Here are examples of censored stories in the arts.

1. There are less than ten major conglomerates that control much of the following; making of the art, distribution of the art, the entertainment outlets that promote the arts, and the media that reviews the arts.

2. Three CEO’s from Warners, Universal, and Sony control 80% of the music business. They have made it clear that only teen pop will be promoted, and only by the same stars. The rest of the music world is marginalized out of most coverage, reviews, awards shows, etc. For best music quality, there should be thousands of competing companies, not three. The quality and variety of mainstream music is at an all time low and hasn’t changed much in 10 years.

3. The few major book publishing companies give huge unwarranted book advances to politicians for their books. This seems like a legal way to buy influence for both the publishing company and the parent company that owns them.

4. NPR has revenue sharing on all books and music sold through it’s website. That means they get money back when they are able to promote and help sell music or books. This seems more like a kickback to me. Musicians and writers opposed to this, are never reviewed or written about on NPR. All songs are not considered.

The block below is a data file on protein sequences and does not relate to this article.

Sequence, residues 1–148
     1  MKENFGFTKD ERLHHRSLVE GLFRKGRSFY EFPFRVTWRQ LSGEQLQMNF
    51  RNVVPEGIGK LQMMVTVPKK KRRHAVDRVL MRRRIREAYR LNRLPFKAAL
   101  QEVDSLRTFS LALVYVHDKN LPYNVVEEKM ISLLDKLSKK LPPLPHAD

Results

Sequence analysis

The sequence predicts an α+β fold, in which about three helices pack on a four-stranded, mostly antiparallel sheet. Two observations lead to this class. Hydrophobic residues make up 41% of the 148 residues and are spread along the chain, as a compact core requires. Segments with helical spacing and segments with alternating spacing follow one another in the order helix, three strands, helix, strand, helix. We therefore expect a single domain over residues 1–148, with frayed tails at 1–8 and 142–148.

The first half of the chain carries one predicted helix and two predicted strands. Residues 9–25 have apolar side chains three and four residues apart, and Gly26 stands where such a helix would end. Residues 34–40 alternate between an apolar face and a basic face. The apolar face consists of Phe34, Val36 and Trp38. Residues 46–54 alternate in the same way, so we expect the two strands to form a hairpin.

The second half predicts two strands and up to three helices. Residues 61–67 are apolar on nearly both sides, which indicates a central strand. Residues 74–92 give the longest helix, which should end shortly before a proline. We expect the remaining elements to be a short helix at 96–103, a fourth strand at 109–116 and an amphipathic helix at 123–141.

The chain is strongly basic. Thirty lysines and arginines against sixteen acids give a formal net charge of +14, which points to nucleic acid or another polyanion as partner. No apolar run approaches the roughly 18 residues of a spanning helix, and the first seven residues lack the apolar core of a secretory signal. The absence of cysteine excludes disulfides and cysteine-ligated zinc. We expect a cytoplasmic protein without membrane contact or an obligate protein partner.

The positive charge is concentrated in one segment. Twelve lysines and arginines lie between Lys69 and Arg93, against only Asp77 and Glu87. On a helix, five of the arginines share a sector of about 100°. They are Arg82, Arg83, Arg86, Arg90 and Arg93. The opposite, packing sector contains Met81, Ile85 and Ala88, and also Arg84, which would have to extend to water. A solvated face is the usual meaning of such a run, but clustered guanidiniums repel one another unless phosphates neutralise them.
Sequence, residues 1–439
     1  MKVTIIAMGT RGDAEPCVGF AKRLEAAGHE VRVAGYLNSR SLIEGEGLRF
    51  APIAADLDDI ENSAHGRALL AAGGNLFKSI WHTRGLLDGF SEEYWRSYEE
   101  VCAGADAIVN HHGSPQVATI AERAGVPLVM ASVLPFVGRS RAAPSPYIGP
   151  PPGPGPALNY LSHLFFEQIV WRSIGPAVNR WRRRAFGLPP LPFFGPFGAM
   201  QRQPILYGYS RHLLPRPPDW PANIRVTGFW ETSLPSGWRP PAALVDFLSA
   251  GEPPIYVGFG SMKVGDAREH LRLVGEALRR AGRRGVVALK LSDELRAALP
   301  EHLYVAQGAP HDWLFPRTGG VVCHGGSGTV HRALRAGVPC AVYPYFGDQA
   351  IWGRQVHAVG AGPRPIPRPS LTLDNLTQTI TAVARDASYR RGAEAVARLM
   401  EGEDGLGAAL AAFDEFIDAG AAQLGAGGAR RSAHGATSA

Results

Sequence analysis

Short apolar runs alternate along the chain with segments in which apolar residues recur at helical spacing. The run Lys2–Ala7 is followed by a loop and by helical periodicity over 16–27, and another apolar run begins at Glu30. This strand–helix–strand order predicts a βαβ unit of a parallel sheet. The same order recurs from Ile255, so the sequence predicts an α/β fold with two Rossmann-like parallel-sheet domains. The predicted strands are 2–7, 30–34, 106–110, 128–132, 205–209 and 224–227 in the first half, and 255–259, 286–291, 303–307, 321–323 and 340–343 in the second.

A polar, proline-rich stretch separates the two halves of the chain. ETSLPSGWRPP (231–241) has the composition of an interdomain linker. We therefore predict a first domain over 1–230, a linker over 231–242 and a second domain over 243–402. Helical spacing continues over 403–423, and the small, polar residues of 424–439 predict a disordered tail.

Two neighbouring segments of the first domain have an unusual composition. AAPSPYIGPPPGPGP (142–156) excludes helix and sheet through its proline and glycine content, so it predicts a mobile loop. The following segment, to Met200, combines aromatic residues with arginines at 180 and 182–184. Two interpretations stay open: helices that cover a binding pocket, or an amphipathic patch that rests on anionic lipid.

5. There is a Public Domain crisis. Media and art conglomerates are using their power to extend their intellectual rights to works that should long ago have entered the public domain. Perhaps the biggest example is the image of Mickey Mouse.

6. The FCC, Federal Communications Commission, too often sides with media conglomerates to block competing independents from the radio dial. That includes many low power FM stations. The airwaves should be regulated by the government, not offered for sale by the government.

7. The cost of tickets is excessive. Prices for tickets to concerts, films, theater, etc. is exorbitant. Many best seats go to promoters, and press. The audience is denied best seating, and is treated shabbily. One company, Ticketmaster dominates the industry.